July 06, 2016

Was “Fight for 15” about “fairness”? NDP wring out raise for union friends with minimum wage hike

Sheila Gunn ReidRebel Commentator
 

The NDP’s hike in the minimum wage is about to make your groceries more expensive.

United Food and Commercial Workers Union Local 401 representing 30,000 Safeway, Superstore and Sobeys workers in Alberta are promising to negotiate higher wages for all their members because the minimum wage is going up to $12.20 per hour in October 2017 and $15 per hour in October 2018.

This will cause employers, who operate our local grocery stores, to hike the cost of milk, bread and all the other things we need for our families every day - things struggling Albertans already have a hard time buying. And the increased cost of food will take another chunk out of the bottom line of Alberta's over stretched food banks.

Gil McGowan, head of the Alberta Federation of Labour said that unions fighting for a raise to the minimum wage wasn't about a clandestine fight for higher union wages. He said it was a fight for “fairness”.

These unions never do anything without getting something in return. And they spent a lot of money on the “Fight for 15” campaign in Alberta.

Just days after the announced minimum wage hike, the union representing 30,000 grocery store workers, showed us that in the end, the fight for 15 was about higher wages for unions.

All of this was a way for the NDP to wring out a raise for their union friends under the guise of “fairness”.

Comments
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commented 2016-07-07 11:08:41 -0400
Watch the non union self-serve grocery retailers and rural farmer’s markets become popular when they keep their prices in line with public demand.

Unionism has destroyed every industry it has infected, retail grocery chains are next – I see people cutting back and leaving things they used to buy on the shelves for even pennies more than they feel is fair – I’m buying direct from producers and freezing more food than ever and from what I read cutting out big retailers is part of an overall trend in consumer choices.
commented 2016-07-07 10:58:46 -0400
I just love the photo on the header to this post – all those those vegetables lined up in a row like that remind me of the group photo taken of Jughead Truedough’s first federal cabinet.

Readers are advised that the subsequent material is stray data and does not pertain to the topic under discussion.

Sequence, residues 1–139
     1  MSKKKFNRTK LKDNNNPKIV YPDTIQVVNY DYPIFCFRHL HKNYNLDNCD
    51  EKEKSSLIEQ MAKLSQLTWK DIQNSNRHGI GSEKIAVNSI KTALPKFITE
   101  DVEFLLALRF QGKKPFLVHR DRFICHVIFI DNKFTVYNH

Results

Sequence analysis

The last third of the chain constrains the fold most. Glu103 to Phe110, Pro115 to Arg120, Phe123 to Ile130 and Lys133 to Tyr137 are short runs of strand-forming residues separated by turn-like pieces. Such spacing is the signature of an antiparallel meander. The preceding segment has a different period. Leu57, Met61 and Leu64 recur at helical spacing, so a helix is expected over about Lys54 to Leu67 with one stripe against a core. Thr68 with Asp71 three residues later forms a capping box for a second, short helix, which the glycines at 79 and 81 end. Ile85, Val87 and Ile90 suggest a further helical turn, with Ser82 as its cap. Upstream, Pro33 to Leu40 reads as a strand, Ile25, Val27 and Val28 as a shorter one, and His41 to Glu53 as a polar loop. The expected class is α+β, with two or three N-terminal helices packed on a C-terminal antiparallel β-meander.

commented 2016-07-07 09:07:23 -0400
LIZA ROSIE, “If socialists understood economics they wouldn’t be socialists”, you’ve nailed it!
commented 2016-07-07 02:54:22 -0400
Meanwhile here in conservative Manitoba, there is no bump in min wage.
commented 2016-07-07 01:18:56 -0400
Another question for the educate(HAHAHA) lefties. Justin is supposed to be Mr public service, why is postal going to strike and why will other areas be striking in the future, my fiance works for the federal gov and Justin has broken his sick days promise by removing more of them than before and offered a whopping 0.4% raise, what a joke.
commented 2016-07-07 01:16:35 -0400
Andrew i actually work for a grocery chain now, as i no longer have work on the pipeline which paid me more, so how is all this socialist garbage giving me more money to spend? Considering taxes are going up and new ones will be created and prices will go up so what good does a few dollars more do me?
commented 2016-07-07 01:13:13 -0400
Andrew less jobs does not boost the economy. Oh sorry i forgot , you cannot think things through , you just stop where you want it to end.
commented 2016-07-07 01:06:49 -0400
If socialists understood economics they wouldn’t be socialists.
commented 2016-07-06 21:59:32 -0400
So MONGREL , it’s like closed circuit stagflation, deliberately designed to drag down the economy while artificially inflating prices , and at the same time we’re sitting on tons of gold but not allowed to take it to market
commented 2016-07-06 21:26:29 -0400